# Video: Calculating the Mass of Ethanol and Carbon Dioxide Produced from Yeast Fermentation

Yeast converts glucose to ethanol and carbon dioxide by anaerobic fermentation, as represented by the equation: glucose ⟶ ethanol + carbon dioxide. In a particular fermentation process, 200.0 g of glucose is fully converted. a) What is the total mass of ethanol and carbon dioxide at the end of the reaction? b) If the fermentation process were carried out in an open container, would the mass of the container and contents increase, decrease or stay the same? c) If the reaction produces 97.7 g of carbon dioxide, what mass of ethanol is produced?

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### Video Transcript

Yeast converts glucose to ethanol and carbon dioxide by anaerobic fermentation, as represented by the equation glucose reacts to form ethanol plus carbon dioxide. In a particular fermentation process, 200.0 grams of glucose is fully converted. What is the total mass of ethanol and carbon dioxide at the end of the reaction.

Anaerobic means no oxygen. So glucose is our only reactant. And ethanol and carbon dioxide are the only products. We can ignore the yeast because the enzymes in the yeast are acting as a catalyst for this process. In this example, 200 grams of glucose is being converted completely into ethanol and carbon dioxide. What we have to do is figure out the total mass of the ethanol and carbon dioxide produced. To help us on our way, we can recall the law of conservation of mass, which says that the mass of a closed system cannot change.

For a chemical reaction, the mass of the reactants equals the mass of the products. The mass of the reactants refers to the mass of glucose. And the mass of the products refers to the mass of the ethanol and the carbon dioxide. This is what we’re looking for. We have 200.0 grams of glucose to begin with that was fully converted into ethanol and carbon dioxide. So the total mass of ethanol and carbon dioxide is 200.0 grams.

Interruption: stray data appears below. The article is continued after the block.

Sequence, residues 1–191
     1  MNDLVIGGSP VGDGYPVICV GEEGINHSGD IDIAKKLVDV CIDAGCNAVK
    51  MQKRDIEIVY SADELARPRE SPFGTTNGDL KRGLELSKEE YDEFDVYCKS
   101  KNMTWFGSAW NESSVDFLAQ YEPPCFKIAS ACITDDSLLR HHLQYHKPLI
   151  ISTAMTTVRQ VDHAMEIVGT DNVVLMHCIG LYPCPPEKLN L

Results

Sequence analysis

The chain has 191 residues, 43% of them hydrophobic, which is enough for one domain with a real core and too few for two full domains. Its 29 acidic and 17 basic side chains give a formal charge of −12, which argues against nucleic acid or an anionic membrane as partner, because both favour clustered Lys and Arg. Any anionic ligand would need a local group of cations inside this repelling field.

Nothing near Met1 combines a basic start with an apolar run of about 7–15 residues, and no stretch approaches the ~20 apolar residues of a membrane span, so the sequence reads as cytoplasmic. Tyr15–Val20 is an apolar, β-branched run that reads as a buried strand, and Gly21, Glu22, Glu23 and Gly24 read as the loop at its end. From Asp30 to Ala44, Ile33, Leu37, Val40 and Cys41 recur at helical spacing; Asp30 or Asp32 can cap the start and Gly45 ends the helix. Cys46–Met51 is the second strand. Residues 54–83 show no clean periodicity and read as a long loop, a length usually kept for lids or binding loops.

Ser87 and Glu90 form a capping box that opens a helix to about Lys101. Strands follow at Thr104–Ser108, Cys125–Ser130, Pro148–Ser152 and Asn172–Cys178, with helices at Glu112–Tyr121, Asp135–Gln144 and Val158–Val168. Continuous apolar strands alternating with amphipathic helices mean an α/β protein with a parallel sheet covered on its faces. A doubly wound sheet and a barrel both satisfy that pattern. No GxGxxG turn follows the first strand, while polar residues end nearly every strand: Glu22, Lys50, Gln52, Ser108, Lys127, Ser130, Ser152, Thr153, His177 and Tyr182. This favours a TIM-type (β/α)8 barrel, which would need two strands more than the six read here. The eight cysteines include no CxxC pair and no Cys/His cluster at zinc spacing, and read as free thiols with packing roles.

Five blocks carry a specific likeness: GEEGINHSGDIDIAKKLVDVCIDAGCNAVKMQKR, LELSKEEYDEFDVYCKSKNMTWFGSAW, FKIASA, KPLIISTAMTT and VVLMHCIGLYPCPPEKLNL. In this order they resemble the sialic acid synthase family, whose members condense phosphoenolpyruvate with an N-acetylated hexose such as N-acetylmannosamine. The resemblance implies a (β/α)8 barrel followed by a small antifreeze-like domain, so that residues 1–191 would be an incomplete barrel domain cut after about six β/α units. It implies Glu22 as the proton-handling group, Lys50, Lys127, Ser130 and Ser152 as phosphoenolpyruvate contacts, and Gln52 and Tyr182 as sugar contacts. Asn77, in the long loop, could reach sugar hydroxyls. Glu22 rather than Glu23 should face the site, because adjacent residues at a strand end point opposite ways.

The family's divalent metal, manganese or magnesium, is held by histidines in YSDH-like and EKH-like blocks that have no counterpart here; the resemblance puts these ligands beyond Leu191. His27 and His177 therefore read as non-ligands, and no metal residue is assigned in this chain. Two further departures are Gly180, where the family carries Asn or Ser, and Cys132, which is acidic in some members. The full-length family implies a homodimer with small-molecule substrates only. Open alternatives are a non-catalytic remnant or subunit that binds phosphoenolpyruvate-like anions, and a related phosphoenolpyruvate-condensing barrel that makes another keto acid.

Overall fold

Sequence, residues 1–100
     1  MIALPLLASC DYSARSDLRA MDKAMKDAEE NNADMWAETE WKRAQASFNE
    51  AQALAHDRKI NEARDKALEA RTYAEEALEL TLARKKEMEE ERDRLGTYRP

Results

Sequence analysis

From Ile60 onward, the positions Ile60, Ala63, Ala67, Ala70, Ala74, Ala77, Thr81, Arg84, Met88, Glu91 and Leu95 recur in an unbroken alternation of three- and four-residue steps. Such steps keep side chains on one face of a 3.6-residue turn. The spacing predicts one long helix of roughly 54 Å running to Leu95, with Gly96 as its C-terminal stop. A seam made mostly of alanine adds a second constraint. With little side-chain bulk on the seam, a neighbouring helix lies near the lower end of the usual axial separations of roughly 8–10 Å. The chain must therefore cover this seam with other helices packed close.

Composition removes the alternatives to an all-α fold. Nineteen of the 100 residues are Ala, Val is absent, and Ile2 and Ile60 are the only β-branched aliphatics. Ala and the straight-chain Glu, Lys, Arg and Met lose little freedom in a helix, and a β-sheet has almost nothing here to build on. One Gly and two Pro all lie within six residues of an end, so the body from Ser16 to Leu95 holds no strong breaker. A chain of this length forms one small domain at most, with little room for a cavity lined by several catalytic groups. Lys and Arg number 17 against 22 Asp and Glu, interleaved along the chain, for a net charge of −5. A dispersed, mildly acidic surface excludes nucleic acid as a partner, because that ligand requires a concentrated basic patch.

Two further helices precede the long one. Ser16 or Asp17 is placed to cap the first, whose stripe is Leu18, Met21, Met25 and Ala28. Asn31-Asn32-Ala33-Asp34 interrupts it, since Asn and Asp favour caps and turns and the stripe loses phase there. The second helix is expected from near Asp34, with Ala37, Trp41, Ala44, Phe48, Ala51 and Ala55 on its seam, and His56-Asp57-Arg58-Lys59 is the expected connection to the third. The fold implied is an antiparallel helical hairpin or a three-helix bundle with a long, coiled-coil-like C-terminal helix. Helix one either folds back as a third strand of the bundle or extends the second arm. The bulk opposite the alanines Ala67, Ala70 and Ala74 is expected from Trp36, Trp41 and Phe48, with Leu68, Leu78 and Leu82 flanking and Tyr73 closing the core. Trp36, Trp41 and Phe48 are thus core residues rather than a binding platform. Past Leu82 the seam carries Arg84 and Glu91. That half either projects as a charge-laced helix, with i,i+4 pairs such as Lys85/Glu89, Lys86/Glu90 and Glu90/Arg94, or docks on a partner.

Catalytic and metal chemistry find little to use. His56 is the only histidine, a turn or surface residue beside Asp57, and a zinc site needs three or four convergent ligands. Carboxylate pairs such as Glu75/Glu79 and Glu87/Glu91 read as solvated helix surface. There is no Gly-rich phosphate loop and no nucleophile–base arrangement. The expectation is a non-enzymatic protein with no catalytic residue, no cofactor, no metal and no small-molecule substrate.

If the fermentation process were carried out in an open container, would the mass of the container and contents increase, decrease, or stay the same?

Let’s imagine an open container like a beaker without a lid with yeast and glucose mixed together inside. The yeast will convert the glucose to ethanol, a liquid, and carbon dioxide, a gas. The ethanol will stick around in the container. And the carbon dioxide will escape. Since the carbon dioxide escapes the system of the container and its contents, we can be sure that as the fermentation precedes the mass of the contents and the container decreases. Since we’re dealing with an open system, where mass is being lost, the law of conservation of mass does not apply because the law of conservation of mass only applies to a closed system.

If the reaction produces 97.7 grams of carbon dioxide, what mass of ethanol is produced?

What the question is saying is that when 200.0 grams of glucose is fully converted into ethanol and carbon dioxide, we have 97.7 grams of carbon dioxide. Our job is to work out the mass of the ethanol. Going back to the law of conservation of mass and part a), we know that the mass of glucose that is consumed in the reaction is equal to the mass of ethanol plus the mass of carbon dioxide produced by the reaction. So 200.0 grams is equal to the mass of ethanol plus 97.7 grams. The mass of ethanol is, therefore, 200.0 grams minus 97.7 grams which is equal to 102.3 grams. So the mass of ethanol produced when 200 grams of glucose is fully converted is 102.3 grams.